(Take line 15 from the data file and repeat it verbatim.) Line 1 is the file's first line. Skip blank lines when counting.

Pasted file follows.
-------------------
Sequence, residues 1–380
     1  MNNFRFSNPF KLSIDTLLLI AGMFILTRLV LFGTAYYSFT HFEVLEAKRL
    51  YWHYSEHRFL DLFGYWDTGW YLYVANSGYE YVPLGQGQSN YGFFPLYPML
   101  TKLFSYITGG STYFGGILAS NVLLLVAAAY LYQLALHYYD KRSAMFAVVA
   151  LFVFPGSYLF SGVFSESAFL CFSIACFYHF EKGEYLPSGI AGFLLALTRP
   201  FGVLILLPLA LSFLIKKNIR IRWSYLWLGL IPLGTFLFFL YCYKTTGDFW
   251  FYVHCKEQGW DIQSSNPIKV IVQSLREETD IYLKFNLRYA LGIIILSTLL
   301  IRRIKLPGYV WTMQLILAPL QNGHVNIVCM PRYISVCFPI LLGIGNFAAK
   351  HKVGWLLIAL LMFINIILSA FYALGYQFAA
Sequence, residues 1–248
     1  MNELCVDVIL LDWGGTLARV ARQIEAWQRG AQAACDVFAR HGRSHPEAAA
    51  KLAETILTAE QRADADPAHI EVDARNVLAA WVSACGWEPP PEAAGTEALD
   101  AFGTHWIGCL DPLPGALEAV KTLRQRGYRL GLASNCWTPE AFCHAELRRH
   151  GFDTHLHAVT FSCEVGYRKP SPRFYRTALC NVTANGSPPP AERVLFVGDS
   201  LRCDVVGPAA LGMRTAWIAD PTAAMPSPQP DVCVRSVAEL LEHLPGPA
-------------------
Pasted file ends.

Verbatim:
   201  LRCDVVGPAA LGMRTAWIAD PTAAMPSPQP DVCVRSVAEL LEHLPGPA